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FREW Consultants Group        
Tuesday, August 14 2018


One of the dangers of working with very needy students is the danger of them projecting their feelings about important relationships on to the teacher.  This projection of a ‘quality’ on to another is a crude definition of ‘transference’.  The student projects their existing, or desired beliefs and feelings relative to a previous relationship on to the teacher. 

Some students who have generally been starved of the healthy, supportive childhood will see the teacher as a support and an object of attraction.  This substitution can be a positive thing in the short term.  It allows a relationship to develop.  However, if the teacher ‘reminds’ the child of an abusive past they will project this negativity on to the teacher and the teacher is seen as ‘the enemy’ and an object of rejection. 

We all know how important relationships are and the phenomena of transference makes clear how the quality of that relationship impacts on the children.

Another danger is that some teachers project their own, unresolved issues on to the students.  A teacher who suffered neglect in their own childhood is vulnerable to look at a similar student through their own emotional attitudes.  This is known as counter transference.

Transference is a difficult issue for teachers.  For the struggling child the fact that they project such qualities on a functional adult may well support that child at the beginning of their recovery.  However, the teacher must be really awake to the dangers of blurring the boundaries with these children.  They must maintain a professional ‘distance’ from the child. 

The following outlines the way counter transference can arise:

  • Either consciously or unconsciously the teacher will be affected if the student projects attraction or rejection on to the teacher.  It will cloud their judgment.
  • The teacher’s personal history will blur their understanding of the student’s behaviour.  The student may represent an unresolved issue such as an inability to deal with aggression and the emotional memory of their personal hurt will affect their reasoning.
  • They will have a predisposition towards a range of students based on whether they are attracted to them or repelled by their presence.  This will result in an inability to maintain a sense of objectivity both positively or negatively.  Furthermore, they will be deterred from engaging with those students whose traits expose their own histories.

The following situations are a strong signal that the teacher is transferring their own unresolved issues onto their students.  These indicators are:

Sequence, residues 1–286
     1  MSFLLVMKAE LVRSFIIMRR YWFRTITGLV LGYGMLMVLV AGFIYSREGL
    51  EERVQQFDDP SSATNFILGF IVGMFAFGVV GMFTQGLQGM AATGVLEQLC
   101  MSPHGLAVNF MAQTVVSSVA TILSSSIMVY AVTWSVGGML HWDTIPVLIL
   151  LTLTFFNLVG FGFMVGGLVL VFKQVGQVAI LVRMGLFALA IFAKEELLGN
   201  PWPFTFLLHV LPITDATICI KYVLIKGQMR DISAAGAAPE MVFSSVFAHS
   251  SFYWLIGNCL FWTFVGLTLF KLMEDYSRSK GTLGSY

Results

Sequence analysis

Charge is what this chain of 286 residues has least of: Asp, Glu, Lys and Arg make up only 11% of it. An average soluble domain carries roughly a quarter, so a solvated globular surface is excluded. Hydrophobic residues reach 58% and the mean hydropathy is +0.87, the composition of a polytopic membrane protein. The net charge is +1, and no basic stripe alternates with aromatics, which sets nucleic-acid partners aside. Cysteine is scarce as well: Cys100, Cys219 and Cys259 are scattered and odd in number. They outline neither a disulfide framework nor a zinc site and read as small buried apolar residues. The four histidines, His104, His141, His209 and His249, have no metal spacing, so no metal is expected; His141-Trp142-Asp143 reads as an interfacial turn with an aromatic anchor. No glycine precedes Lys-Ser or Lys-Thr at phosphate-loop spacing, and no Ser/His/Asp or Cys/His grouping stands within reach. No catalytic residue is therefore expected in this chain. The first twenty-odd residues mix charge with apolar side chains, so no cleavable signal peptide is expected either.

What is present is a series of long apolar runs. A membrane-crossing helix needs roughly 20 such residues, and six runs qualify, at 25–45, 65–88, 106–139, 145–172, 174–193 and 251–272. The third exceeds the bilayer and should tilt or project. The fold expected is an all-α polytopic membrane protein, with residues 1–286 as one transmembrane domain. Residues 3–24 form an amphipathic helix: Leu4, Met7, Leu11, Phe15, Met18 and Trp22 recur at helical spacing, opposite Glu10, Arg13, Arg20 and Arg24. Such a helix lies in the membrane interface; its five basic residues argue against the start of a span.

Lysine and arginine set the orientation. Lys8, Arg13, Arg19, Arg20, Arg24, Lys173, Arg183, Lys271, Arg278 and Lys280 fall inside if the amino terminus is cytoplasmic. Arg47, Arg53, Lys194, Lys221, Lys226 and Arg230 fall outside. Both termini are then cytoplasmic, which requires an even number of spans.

• Having a need for the student to be dependent on them, they fulfill the teacher’s needs.
  • They need to be liked by the students.  This threatens their ability to deliver inappropriate consequences for misbehavior.
  • Wanting to feel like the expert in front of the students.  They can devalue their colleagues and the students.
  • They need to exert inappropriate control over the student.  This will hamper the student’s independence development.
  • Show too much interest in the student’s personal life.  This is crossing professional boundaries.
  • Being aggressive and confrontational with students or reacting negatively to students who are assertive or aggressive.
  • Being uncomfortable with certain types of emotions such as anger or tenderness.  They suppress these if students display them.
  • Over-identifying with students who have problems that reflect their own.  They ‘know how they feel’ and become too close.
  • Support some student’s defiance against authority.  This is particularly a problem for younger teachers.
  • Idealizing students and investing their own perhaps unfulfilled goals in the student.

Patterns to Watch Out For

  • Dreading or eagerly anticipating a certain class
  • Favoring one class over the other, better preparation, quicker marking of papers, etc.
  • Thinking excessively about students outside work hours.  These can involve sexual attraction.
  • Not being consistent dealing with students in behaviour management.
  • Being too bored to put in an effort in teaching a student or class or being angry for no specific reason.
  • Overly impressed with students or classes.  This may reflect unfulfilled ambitions.  Things like a frustrated musician being unduly impressed by a student with musical talent.
  • Being hurt by student’s criticism.  This brings up past issues of being subjected to anger.
  • Rescuing students by doing their work for them or ignoring their lack of compliance in assessment tasks.

Healthy teachers understand their own flaws and adjust their understanding about the management of situations they face.  Their actions/reactions are appropriate to the immediate problem they face and not just a product of the history of their internalized world.  

The key to dealing with the potential of transference affecting your work is to have very clear professional boundaries and clarify these boundaries with the students.

Posted by: AT 05:32 am   |  Permalink   |  0 Comments  |  Email

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John R Frew
Marcia J Vallance

ABN 64 372 518 772


The principals of the company have had long careers in education with a combined total of eighty-one years service.  After starting as mainstream teachers they both moved into careers in providing support for students with severe behaviours.

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